The Story of the Midgard Serpent: A Mythological Tailspin

The Story of the Midgard Serpent: A Mythological Tailspin

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In Teutonic mythology the Middle Earth was wrapped round by the Midgard Serpent. Above this the gods built their mansions in the sky. Yet, curiously, in the lower world there lived all those people who had ceased to live.

This lower residence was alive with the undead. But it was not viewed as a place of punishment, as was later consigned by the Christian conversion of Hell.

The Germanic word was, in fact, Hel. It was the name of a goddess, a sovereign of the underworld. Fittingly, her face was half white, half black (yin/yang). In ancient Scandinavia, the goddess Hel was the daughter of Loki, the great trickster. Later on, in Christian mythology, Loki morphed into Satan or Lucifer. Hel, the Teutonic goddess, was thus a blood relation of the Devil.

Loki's brood; daughter Hel, Fenrir the Wolf and Jörmungandr the Serpent.

Loki's brood; daughter Hel, Fenrir the Wolf and Jörmungandr the Serpent. ( Public domain )

Midgard Serpent

All this gets very complicated —perhaps even funny when you consider that our term, earthbound  is a reference to the belief that Midgard Serpent binds the Earth and holds it together. We are "bound to believe" then that an uncommonly common snake holds the whole ball of wax called earth in an embrace that lasts forever.

Midgard Serpent wooden carving.

Midgard Serpent wooden carving. (Patrick Johanneson/ Flickr)

The coils of  Midgard Serpent were believed to be just like the serpentine tail of the black cat. All in all, these intertwined myths are a potpourri of old belief systems going far back in time. They are greatly and sinuously entangled. And they represent the collective unconscious of the human race. In truth, these tales stretch so far back that we've lost track of where they begin and end.

Ouroboros eats its own tail.

Ouroboros eats its own tail. ( Public Domain )

Spawning Modern Myths

Here is proof that the older the tale, the more deeply rooted the belief. We heard an unusual story the other day that illustrates this truism. A two-year-old girl was admiring a bird of paradise bush in front of her house in Florida. The girl stepped so close to the palm tree that she was almost within the fold of its fronds. Meanwhile her mother went inside the house to answer the phone. When she came back to her daughter moments later, a ghastly sight confronted her.

The child was encircled in the coils of a huge black indigo snake. The hysterical mother screamed for help and some neighbors came running. One of the men had a machete. After the snake was pried off the girl and killed, the man measured it. Head to tail, the dead snake was eight feet in length and about four inches thick. Although the little girl was unhurt, her family was deep in shock. More so than the child.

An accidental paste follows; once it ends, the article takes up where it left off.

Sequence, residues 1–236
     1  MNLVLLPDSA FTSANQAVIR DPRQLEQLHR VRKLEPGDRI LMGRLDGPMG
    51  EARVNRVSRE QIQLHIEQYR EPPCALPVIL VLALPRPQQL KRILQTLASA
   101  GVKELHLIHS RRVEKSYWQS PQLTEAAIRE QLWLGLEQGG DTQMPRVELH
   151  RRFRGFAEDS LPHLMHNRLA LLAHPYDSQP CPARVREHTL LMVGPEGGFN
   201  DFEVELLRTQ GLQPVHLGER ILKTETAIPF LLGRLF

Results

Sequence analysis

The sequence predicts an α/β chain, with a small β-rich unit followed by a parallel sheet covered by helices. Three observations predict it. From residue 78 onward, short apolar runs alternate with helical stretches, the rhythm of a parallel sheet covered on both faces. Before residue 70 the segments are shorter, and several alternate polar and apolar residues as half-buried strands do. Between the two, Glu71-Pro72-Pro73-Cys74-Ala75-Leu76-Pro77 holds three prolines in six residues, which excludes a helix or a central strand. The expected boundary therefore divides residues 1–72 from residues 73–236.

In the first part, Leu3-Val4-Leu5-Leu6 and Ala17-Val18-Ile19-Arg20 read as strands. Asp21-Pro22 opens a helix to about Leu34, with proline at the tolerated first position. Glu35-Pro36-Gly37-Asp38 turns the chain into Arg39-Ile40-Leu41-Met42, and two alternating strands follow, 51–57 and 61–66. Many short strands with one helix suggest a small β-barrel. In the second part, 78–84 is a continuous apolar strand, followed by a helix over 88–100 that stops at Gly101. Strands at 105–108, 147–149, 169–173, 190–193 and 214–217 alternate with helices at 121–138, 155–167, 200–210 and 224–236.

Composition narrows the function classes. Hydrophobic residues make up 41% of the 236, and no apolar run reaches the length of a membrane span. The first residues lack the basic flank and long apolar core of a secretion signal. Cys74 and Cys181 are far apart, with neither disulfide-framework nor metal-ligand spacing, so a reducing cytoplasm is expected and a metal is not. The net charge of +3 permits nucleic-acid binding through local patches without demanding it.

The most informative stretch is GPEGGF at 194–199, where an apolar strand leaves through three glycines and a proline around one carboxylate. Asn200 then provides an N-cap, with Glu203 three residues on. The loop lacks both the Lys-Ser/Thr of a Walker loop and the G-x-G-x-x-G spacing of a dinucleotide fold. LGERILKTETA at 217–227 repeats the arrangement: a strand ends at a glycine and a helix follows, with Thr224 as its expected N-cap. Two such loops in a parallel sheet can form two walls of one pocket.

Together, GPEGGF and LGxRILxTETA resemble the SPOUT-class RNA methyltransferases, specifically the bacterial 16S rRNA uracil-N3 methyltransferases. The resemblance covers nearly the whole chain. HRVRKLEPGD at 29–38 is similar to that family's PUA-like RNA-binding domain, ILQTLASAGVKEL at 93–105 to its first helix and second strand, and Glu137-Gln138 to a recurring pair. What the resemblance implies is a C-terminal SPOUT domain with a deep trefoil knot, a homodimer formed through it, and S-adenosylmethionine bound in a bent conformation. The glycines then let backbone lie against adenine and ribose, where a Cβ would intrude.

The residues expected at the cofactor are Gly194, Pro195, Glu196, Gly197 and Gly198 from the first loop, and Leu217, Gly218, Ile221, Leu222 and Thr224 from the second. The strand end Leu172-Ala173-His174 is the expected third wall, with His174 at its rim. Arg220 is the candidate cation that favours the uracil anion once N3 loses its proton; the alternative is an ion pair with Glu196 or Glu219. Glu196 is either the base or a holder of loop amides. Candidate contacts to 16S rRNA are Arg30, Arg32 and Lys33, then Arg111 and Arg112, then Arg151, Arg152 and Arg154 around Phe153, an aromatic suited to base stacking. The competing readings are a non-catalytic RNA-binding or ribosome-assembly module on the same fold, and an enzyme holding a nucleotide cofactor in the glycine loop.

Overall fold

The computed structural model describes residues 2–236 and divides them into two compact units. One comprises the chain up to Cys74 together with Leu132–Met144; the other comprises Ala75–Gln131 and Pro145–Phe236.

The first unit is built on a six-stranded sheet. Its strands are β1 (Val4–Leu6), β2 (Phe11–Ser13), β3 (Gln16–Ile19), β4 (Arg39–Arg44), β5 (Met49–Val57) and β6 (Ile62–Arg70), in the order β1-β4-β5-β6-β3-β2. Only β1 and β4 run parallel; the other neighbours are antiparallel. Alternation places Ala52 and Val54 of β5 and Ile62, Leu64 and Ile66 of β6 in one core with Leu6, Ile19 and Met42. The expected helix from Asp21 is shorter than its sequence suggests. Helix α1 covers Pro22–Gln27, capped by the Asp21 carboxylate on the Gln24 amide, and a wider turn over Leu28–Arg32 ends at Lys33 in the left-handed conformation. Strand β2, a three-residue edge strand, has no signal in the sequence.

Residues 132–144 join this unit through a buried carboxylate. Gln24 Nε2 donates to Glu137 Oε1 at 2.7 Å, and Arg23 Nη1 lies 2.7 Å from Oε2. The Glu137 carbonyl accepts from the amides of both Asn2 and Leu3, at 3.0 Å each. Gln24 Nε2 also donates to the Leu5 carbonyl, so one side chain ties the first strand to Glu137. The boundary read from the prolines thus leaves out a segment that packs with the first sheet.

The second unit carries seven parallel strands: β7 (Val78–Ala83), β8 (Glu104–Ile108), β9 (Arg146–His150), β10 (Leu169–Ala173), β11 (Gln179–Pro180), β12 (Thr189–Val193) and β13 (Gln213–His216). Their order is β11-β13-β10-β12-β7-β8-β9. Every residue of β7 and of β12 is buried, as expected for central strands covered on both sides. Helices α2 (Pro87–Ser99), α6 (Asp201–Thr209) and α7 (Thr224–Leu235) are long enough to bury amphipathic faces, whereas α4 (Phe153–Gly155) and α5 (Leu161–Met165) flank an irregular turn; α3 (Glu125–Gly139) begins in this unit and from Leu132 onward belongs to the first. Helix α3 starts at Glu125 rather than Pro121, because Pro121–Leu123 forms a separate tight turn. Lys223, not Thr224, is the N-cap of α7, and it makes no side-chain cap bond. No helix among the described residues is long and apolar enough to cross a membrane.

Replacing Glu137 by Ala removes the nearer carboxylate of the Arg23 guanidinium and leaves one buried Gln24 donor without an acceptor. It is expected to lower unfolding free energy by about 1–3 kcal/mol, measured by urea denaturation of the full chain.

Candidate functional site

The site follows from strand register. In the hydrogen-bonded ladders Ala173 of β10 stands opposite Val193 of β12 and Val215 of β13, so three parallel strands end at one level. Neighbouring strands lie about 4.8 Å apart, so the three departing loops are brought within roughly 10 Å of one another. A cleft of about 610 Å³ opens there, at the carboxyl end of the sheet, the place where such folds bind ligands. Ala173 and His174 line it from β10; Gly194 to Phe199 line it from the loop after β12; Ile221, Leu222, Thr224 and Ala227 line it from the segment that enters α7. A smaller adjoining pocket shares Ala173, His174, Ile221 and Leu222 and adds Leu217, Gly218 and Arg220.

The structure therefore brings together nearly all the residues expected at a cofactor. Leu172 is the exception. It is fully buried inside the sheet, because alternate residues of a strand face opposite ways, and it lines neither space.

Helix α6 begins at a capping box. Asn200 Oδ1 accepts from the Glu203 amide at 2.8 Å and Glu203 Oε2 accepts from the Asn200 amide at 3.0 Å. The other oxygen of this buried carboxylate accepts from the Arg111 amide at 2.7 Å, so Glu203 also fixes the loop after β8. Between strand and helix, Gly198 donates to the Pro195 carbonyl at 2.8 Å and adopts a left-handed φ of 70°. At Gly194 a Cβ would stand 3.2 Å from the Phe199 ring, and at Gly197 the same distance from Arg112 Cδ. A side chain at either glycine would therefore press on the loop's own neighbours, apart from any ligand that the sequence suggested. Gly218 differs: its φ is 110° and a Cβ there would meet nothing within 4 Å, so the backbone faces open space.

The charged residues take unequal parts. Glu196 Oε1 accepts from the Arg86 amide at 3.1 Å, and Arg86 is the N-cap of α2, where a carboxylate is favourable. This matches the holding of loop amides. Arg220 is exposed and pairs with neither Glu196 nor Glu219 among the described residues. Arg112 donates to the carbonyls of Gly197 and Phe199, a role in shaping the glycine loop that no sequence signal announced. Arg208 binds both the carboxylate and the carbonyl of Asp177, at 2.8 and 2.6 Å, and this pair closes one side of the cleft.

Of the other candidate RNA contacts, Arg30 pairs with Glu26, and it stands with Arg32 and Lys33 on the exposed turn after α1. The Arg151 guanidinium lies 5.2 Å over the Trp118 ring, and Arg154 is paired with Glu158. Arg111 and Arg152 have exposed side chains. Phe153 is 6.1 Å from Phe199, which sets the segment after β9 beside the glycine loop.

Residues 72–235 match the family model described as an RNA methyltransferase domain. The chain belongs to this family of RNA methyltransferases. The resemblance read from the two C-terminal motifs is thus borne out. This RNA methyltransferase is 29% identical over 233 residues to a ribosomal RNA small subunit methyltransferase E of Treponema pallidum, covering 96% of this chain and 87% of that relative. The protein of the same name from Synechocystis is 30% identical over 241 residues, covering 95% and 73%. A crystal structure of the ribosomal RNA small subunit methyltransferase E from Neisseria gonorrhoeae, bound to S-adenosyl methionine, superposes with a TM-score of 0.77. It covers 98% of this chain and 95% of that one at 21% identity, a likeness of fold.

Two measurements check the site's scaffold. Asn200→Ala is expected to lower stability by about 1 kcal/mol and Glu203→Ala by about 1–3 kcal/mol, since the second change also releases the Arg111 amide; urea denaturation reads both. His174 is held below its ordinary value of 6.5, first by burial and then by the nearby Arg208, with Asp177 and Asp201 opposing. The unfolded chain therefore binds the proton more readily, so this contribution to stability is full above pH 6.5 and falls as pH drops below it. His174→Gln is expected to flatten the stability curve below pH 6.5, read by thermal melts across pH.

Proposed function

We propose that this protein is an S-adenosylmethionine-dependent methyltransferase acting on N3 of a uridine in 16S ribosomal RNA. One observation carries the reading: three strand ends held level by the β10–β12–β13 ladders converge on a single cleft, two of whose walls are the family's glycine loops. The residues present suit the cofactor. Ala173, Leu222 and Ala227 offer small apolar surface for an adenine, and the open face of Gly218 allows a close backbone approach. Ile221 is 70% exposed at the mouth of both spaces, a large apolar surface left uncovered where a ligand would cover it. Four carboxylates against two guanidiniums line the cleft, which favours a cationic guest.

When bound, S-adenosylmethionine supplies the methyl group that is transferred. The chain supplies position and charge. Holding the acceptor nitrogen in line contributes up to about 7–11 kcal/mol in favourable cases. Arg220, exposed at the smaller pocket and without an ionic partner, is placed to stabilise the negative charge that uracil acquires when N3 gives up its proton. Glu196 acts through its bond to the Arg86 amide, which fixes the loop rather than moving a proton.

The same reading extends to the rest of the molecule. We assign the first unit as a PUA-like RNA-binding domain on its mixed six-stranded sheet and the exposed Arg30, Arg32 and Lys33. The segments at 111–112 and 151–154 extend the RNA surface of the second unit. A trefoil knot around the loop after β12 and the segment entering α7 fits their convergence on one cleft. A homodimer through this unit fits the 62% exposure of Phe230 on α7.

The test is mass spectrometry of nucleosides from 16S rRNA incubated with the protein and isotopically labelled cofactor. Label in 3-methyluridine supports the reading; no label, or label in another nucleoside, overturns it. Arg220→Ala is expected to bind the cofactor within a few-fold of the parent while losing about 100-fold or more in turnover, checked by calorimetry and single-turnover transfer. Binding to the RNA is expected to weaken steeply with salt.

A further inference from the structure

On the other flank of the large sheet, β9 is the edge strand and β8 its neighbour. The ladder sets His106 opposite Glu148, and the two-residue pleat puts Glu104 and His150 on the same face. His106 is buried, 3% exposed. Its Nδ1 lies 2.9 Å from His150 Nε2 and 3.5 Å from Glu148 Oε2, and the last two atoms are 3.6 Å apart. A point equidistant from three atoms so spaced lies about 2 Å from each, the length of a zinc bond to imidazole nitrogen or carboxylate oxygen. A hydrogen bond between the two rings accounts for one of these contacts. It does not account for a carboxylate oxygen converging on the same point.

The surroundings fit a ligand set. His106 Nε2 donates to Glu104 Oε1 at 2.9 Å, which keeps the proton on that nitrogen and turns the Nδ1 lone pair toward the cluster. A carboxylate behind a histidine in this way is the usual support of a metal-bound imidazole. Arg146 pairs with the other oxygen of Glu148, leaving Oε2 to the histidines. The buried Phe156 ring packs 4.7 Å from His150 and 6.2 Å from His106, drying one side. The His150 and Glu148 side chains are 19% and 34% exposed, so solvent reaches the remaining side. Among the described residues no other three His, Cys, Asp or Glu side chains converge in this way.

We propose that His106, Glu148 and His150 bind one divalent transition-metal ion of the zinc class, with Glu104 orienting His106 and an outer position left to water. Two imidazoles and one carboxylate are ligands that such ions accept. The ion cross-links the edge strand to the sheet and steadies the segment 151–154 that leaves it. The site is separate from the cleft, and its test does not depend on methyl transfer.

Indigo Snake

Indigo Snake ( Public Domain )

Husband and wife dug up the bird of paradise bush, pulled it out by the roots and burned it. This was a biblical purge of deviltry, they believed. However, well below the root system of the bush, the husband found a hundred or more baby indigo snakes.

We have to wonder -- is this story remotely true? Or is it a fable of the human imagination?

Whatever parts are true, much of the tale comes from the ancient logbook of biblical mythology.

Actually, the whole thing is a modern medieval allegory. But there is little to make of it as herpetology. There aren't any actual cases that we know of where an indigo snake ever twined around a child. Or watched over a nest like a domestic fowl.

Like most cold blooded reptiles, indigo snakes have a "lay and leave" policy. Moreover they do not victimize  prey they cannot swallow. Finally, their meal is mostly rats. This explains what the snake was doing there in the first place -- looking for something small and furry to eat.

As a folklorist I find such tales not only amazing but true-to-life, if only because the participants believe them -- and shape them -- to their will. Our greatest myths only seem to be true. Whereas our truest lies only seem to be false. It is a very mixed bag, the human mind, full of dark superstition and wary contradiction.

Some favored beliefs of humanity never really go away. There is always a bit of Adam and Eve in the human conversation and not too far off, an apple-mouthed serpent with a tail that goes round the earth. In any case, I personally salute Midgard -- still round and around, so to say, after so many thousands of years.

Comments

It is all over the place, Nasa uses it, at the top the old myths are strong. Around a sphere Earth?

According to the Bible, the sin of the serpent was telling Eve the truth after the god had lied to Adam. That dovetails nicely with the association of snakes with wisdom in virtually every religion/mythology except the judeo-christian one.

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